The Red Wings entered this off-season determined to be aggressive in their attempts to improve a team coming off a disappoonting first round playoff exit.
Ken Holland delivered on his promise to pursue the high-profile free agents that were available while inquiring about the possibility of acquiring other players via trade. Ultimately, the only players that he was able to lure to Detroit were depth forwards, meaning a defense corps that lost Nicklas Lidstrom and Brad Stuart was not bolstered with any new acquisitions.
I believe that a strong defense is key to winning a Stanley Cup. The Wing teams in the past who climbed the mountain were not Lidstrom and a bunch of scrubs on the blueline; Detroit could put out at least two defense pairs that would be effective against anyone the opposition threw at them.
Looking at the current roster, the Wings will enter the season with 5 defensemen who have at least 50 games of NHL experience and Brendan Smith, a rookie who will likely have a full time spot this year.
I don't think this defense strikes a ton of fear in the hearts of opposing forwards (save Niklas Kronwall, who is a threat to hurt anyone who doesn't have their head up on his side of the ice), but I also don't think it's as bad as some experts are bound to believe once we start seeing season previews. Between the forwards, defense and goaltending, it's clear that the defense is the biggest question mark heading into the 2012-13 season. Every single player on the blueline for the Red Wings has something to prove this year, but there are 2 players I will be paying very particular attention to next season. One of them is a rookie who has been the future of the Wings' defense since being drafted in 2007. The other is a player brought back to the Wings after 4 years in hockey Purgatory.
Brendan Smith: The Wings' first-round pick in 2007 has been on the Red Wings Development Plan. After being drafted, he spent 2 more years with the University of Wisconsin before playing in the AHL with the Griffins in 2011-12. Smith saw limited action last year with the Wings, getting into 14 games as an injury call up, and he did not look out of place. This year, he is expected to earn a full-time spot on the roster and begin his career at the NHL level.
Despite having the hype of being a first-round pick and the team's best defensive prospect, the pressure on Smith will be fairly minimal. Being a rookie means that mistakes are going to be made, and young players tend to have problems adjusting to the rigors of an 82-game NHL season. It is not yet known who Smith will be paired with or what kind of role he will have on the team, but as a Wing fan I am excited to see a key member of the future of this franchise finally get a chance to show us all what he can do.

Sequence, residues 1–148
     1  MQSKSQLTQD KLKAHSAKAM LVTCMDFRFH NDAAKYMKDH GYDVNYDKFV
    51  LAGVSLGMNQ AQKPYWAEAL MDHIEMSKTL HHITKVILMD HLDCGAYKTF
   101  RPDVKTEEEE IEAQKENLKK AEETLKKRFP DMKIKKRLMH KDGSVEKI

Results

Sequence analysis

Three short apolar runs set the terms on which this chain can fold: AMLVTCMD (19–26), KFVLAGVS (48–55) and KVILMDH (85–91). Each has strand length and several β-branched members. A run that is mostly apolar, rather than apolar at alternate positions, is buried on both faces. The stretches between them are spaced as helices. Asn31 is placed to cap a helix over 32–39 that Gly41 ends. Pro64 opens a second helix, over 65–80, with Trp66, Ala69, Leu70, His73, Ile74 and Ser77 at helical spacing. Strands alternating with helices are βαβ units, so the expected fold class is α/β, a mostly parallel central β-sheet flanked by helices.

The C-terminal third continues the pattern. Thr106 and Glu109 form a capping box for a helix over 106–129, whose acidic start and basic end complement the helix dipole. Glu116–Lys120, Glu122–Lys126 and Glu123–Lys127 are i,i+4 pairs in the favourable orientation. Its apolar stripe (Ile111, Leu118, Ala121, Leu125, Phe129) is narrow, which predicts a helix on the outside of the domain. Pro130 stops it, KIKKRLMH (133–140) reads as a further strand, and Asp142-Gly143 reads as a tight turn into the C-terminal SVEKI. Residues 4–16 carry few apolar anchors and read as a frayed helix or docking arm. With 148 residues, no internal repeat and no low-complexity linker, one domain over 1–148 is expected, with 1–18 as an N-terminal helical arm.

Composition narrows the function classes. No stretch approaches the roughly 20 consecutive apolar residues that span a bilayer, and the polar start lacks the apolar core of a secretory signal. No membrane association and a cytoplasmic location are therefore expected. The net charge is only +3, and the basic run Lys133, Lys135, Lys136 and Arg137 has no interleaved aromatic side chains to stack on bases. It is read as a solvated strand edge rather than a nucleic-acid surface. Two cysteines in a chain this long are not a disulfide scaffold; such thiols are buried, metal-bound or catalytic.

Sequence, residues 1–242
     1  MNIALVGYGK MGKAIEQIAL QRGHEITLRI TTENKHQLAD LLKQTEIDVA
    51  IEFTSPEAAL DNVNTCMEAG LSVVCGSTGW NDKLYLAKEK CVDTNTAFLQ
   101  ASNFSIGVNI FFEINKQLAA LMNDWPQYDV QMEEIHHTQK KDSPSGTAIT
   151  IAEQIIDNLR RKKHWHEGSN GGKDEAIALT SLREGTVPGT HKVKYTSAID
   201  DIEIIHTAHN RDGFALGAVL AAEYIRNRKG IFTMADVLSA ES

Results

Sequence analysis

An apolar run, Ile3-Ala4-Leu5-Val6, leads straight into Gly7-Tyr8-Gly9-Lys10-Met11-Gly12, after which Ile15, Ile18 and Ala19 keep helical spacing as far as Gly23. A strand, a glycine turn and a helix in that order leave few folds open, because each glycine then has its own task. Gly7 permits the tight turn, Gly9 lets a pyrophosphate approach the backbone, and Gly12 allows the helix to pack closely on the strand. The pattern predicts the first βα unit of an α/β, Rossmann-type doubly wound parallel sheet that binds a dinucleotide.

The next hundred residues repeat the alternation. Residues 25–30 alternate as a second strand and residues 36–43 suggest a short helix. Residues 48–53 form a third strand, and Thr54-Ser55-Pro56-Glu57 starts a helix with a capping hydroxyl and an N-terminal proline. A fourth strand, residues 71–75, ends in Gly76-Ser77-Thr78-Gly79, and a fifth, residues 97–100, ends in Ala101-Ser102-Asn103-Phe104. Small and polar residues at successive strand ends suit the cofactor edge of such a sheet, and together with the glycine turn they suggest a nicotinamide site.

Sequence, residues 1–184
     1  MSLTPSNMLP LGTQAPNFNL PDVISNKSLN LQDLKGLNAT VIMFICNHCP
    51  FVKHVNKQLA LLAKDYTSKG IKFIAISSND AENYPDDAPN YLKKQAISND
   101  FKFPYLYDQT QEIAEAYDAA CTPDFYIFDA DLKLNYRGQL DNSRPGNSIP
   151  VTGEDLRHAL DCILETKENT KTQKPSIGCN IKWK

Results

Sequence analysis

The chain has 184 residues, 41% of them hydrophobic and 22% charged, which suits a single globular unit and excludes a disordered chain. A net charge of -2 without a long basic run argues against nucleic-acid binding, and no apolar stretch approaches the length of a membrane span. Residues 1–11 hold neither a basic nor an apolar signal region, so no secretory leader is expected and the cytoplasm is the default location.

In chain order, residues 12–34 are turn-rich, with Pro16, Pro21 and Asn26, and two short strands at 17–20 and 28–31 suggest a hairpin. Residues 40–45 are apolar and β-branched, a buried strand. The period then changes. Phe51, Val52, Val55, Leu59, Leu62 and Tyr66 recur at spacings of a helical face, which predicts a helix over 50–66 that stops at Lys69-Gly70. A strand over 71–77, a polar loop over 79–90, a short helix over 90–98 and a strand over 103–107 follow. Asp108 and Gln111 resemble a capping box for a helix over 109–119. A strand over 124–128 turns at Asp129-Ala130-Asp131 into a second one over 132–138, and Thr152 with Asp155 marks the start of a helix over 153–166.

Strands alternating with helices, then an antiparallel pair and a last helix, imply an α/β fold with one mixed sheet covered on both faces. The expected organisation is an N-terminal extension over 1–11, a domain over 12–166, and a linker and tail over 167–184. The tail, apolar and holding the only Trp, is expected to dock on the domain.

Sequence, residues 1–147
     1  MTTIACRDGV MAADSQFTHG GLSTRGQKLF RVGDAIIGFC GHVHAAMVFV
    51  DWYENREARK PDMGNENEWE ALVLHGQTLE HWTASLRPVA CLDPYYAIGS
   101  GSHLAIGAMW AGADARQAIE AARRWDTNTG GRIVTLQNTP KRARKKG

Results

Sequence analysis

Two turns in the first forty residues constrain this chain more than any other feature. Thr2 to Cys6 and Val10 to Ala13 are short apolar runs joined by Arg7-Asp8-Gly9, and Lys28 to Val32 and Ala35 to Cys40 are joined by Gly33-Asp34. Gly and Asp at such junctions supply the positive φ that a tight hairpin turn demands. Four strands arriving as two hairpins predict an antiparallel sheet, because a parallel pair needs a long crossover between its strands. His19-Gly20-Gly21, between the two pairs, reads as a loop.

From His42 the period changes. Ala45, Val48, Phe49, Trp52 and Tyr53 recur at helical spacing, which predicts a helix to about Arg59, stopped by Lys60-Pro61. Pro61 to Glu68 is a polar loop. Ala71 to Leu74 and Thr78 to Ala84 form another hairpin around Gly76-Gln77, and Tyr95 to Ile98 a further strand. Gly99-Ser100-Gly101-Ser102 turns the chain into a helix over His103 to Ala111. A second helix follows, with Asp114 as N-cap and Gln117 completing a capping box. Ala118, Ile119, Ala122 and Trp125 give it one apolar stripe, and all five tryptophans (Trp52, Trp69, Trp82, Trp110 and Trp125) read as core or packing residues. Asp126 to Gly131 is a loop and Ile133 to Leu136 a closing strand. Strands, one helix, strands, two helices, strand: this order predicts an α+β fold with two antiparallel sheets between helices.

Personally, I would like to see Smith moved along a slowly at first with increased responsibility as the season wears on. I'm a firm believer in experience being the best teacher, and there's no better way to see what Smith is capable of without putting him on the ice in more critical situations. I'm not suggesting he should be put on the top-pairing with Niklas Kronwall, but the occasional second-pairing duties would not be out of the question. There's bound to be a learning curve, and I'm sure we will mutter under our breath at some of his mistakes, but if this team truly is in a state of transition to the younger players, I feel it's important for Smith to establish himself as one of the new leaders on a defense that doesn't have a lot of them.
I'm not exaggerating when I say that Smith has the potential to be in the mix for a Calder depending on what kind of role he's given. What concerns me is Mike Babcock's preference for limiting the minutes and exposure of the younger players and how that may translate to Smith's season. However, on a defense that has no additional options, seeing what Smith can do may be the best course of action.
Kyle Quincey: When Quincey was re-acquired from the Avalanche through the Lightning for Mike Commodore and the Wings' 2012 1st round draft pick, a lot of Wing fans (myself included) were excited. Quincey's departure from the team was strictly a numbers issue, when he got caught up among the many veterans and established players already in Detroit and had to be exposed on waivers to be sent to the minors. It thought by a few people that Quincey was "the one that got away" as he played well in Los Angeles and Colorado (no small feat considering how terrible the Avalanche were. Did I say "were"? I meant "always will be").
Quincey's return at the expense of a guy who spent most of the season telling us how awesome malls are was seen as a boost to the defense, and in his first game as a Wing he scored a goal and took 2 penalties, showing us there is a definite risk/reward to his game. His acquisition was meant to not only give the Wings some much needed defensive depth but serve as Brad Stuart's eventual replacement after he inevitably moved to the West Coast.
Unfortunately, Quincey didn't exactly flourish in Detroit. Whether that was due to being in a new system, adjusting to a revolving door of defense partners, or the fact the Avalanche made him bad at hockey, Quincey struggled to find any consistency in his game. In the playoffs against Nashville, Quincey found himself with less ice time than he normally saw in the regular season. Whether that was due to matchups or a lack of confidence in him by the coaching staff, his role seemed to be reduced. However, with the loss of Stuart and a rookie joining the lineup, Quincey is going to have to be the guy that we thought he was when he was picked up on waivers by LA.
If Smith can step up and not play like a rookie and Quincey can settle into his role as a solid second-pairing guy, the defense of the Wings could surprise a lot of people next year. If not, one can't help but wonder how long it will before Ken Holland does something.